INDIANAPOLIS — Ikem Ekwonu was happy and excited to interview with the Giants at the NFL Combine. Undoubtedly, the feeling was mutual.
Ushering the hulking offensive tackle from North Carolina State into a meeting room in an Indianapolis hotel to watch clips of him manhandling opponents, enjoy his bubbly personality and imagine him blocking for them for the next decade or so might be one of the highlights of the week for the Giants.
It’s also likely as close as they’ll get to realizing that enticing possibility.
Same with Evan Neal, the tackle from Alabama.
Those two players are considered by most to be the top two offensive linemen in this draft class by a fairly wide margin. They probably will be holding up jerseys for cameras, hugging the commissioner and crying with their families by the time the Giants get around to making their selection with the fifth overall pick.
With no dazzling quarterbacks to dilute the top of the draft, Ekwonu and Neal, who easily would fill the biggest need for the Giants, probably are out of reach, even for a team that picks as high as they do.
Offensive line remains first among the many problems to which new general manager Joe Schoen is trying to find solutions these days, but that doesn’t necessarily mean it’s where the Giants will be going with their first-round picks. Schoen, in fact, comes from a Bills organization that fixed its offensive line without using any first-round capital, and that might be the blueprint for the Giants now.
Even though Giants fans may go bonkers with disgust and have a fitful night of rage tweeting if the first round of the draft ends without the selection of someone who can block, there should be enough options in the ensuing days to be able to at least set the course on this O-line overhaul in the right direction.
"I think you can find offensive linemen throughout the draft," Schoen said this week. "When I was there [in Buffalo], we drafted Wyatt Teller in the fifth round. Ryan Bates was an undrafted free agent, we traded for him. Ike Boettger [was undrafted]. I don’t think you can look at an offensive line and say you have to draft one in the first round."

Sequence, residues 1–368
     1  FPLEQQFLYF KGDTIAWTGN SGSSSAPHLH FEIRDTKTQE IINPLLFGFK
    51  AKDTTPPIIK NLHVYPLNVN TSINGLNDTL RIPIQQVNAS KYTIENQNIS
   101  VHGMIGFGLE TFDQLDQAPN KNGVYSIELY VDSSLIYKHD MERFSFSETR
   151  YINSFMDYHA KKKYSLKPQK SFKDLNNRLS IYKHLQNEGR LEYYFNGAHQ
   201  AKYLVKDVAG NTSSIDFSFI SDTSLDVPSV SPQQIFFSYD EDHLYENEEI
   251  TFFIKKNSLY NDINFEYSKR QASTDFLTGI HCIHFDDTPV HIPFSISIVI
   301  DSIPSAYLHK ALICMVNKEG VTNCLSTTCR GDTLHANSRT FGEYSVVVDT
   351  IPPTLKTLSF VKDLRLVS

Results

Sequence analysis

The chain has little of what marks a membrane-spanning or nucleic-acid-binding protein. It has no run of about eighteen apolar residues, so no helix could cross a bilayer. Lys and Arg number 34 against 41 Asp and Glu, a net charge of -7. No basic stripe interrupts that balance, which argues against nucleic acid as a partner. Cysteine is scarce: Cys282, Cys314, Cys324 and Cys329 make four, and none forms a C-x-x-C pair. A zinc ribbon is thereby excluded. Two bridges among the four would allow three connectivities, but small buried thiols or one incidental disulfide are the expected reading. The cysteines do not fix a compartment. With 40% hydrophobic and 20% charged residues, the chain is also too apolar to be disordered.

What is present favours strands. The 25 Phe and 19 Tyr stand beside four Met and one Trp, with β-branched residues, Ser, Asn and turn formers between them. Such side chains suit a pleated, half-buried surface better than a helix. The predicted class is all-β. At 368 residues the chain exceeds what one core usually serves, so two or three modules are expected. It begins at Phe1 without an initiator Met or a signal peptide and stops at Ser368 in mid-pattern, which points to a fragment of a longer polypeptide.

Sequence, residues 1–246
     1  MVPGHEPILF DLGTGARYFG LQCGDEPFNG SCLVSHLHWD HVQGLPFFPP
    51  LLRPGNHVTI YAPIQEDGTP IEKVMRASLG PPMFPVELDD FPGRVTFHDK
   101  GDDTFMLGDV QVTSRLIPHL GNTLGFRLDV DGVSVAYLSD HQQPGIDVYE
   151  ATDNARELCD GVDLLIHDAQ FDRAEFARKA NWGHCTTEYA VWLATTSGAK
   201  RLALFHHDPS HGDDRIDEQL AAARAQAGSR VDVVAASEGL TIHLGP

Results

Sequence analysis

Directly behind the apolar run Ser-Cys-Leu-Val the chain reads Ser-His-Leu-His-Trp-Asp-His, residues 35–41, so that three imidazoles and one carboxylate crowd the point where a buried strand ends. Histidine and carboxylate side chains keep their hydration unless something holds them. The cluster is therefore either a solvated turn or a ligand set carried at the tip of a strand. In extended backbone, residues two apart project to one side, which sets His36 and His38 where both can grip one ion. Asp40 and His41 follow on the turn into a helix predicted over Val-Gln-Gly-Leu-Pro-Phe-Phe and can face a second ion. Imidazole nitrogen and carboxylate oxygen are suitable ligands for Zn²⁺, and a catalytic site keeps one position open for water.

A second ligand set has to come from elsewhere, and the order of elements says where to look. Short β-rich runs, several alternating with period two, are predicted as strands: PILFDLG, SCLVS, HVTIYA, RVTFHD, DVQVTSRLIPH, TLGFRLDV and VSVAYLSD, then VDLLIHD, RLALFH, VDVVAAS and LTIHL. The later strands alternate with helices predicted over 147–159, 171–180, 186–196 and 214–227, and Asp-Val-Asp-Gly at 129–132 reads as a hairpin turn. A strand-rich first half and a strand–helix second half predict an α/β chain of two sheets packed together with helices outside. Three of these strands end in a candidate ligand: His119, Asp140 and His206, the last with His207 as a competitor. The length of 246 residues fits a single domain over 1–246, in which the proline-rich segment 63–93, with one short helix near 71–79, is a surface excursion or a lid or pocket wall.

Even one that is in such comically bad shape as the Giants have now, with Schoen and coach Brian Daboll chuckling and cracking jokes about how thin they are at the so-very-important position with only five healthy players on the current roster.
Schoen is not an outlier in his reticence to throw first-round picks at the line.
"It was just a few years ago when the Cowboys had the best offensive line in the league and it was all these first-round picks and [the philosophy was] you’ve got to dedicate all these resources and high-value picks to your offensive line," NFL Draft analyst Daniel Jeremiah said last week. "Now, hey, your offensive line is as good as your worst player, so you don’t need five Tony Bosellis, you just can’t have any tomato cans out there. And you can build that in the middle rounds. You can find really good offensive linemen in the second and third round."
There have been 24 different starting offensive linemen for the past five Super Bowl champions. (Stefen Wisniewski started for both the Eagles and Kansas City in their victories). Only three came into the league as first-round picks. Seven (including Wisniewski) were second-rounders and another two were third-rounders. The other half — 12 of 24 — either were selected on the third day of the draft in rounds four through seven or not drafted at all.
"You can build an offensive line without using all your first-round picks to do it, and that’s why I think the Giants are in an interesting spot if those top two guys are gone," Jeremiah said. "I don’t know that they necessarily need to force that."
Neither, it seems, do they.
There were 24 different offensive linemen to start for Super Bowl-winning teams in the last five years (Stefen Wisniewski played with both Philadelphia and Kansas City champs). Here’s how they came into the league:
Round 1: 3
Round 2: 7
Round 3: 2
Round 4: 2
Round 5: 3
Round 6: 3
Round 7: 2